Insights into what extent certain care needs are experienced from diagnosis onwards and the role of various care givers
Palliative care is an approach to care that improves the quality of life of people with life- threatening illness, through the prevention and relief of suffering by means of early identification and impeccable assessment and treatment of pain and other problems, physical, psychosocial and spiritual. Although palliative care is often still seen as a final option for cancer patients, when disease-modifying treatments are no longer an option, there is more and more evidence and recognition that an earlier integration of palliative care into the regular oncological care, possibly alongside curative and life-prolonging care, can improve peoples quality of life and quality of dying. A palliative care approach can be specialist (when it is delivered by services or specialist palliative care providers specifically trained in palliative care) or generalist (when it is delivered by the regular care providers or services such as community nurses or family physicians).The findings of the dissertation of Kim Beernaert shows that patients do not receive palliative care or receive it too late. Consequently there might be too little time to achieve the goals of palliative care. Qualitative interviews conducted within the same PhD pointed out that palliative care needs may already occur from diagnosis onwards.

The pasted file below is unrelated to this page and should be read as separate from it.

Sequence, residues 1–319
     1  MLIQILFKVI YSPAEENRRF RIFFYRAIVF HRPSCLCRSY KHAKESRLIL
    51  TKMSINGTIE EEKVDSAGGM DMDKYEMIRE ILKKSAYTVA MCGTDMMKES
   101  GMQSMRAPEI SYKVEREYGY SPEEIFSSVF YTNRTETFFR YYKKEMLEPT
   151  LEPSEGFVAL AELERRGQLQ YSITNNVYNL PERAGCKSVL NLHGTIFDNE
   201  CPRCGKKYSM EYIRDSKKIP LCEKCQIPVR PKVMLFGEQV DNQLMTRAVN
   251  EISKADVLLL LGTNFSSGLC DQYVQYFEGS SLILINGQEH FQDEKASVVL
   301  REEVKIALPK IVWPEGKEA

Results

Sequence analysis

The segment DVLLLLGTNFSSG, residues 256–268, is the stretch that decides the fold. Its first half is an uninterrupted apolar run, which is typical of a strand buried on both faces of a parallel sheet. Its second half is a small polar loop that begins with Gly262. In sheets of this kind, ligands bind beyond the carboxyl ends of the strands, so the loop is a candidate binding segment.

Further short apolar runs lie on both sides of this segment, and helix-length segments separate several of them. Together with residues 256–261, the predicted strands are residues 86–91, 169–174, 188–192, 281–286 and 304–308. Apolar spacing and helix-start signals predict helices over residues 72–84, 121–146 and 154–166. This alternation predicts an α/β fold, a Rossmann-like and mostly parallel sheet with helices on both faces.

To achieve an optimal and timely initiation and integration of palliative care into regular oncology care, and hence to promote the quality of life and care of the cancer patient, quantitative research is needed to show to what extent certain care needs occur from diagnosis and to investigate the role of different caregivers (with emphasis on the regular care providers). In response to this missing but necessary knowledge, we proposed this project.
We collected self-reported data from 620 patients with cancer in the University Hospital of Ghent, Belgium. They completed a questionnaire on quality of life (using the EORTC QLQ-C30), the obtained care and unmet palliative care needs. The treating oncologist collected clinical data such as type of tumor, phase in the illness trajectory and prognosis. We also used European reference values of the EORTC QLQ- C30 to compare the mean scores with a norm group. This project will allow us to analyze the collected data thoroughly and determine in which areas of palliative care and at what moments certain patients need more care and for whom a palliative care approach might be appropriate.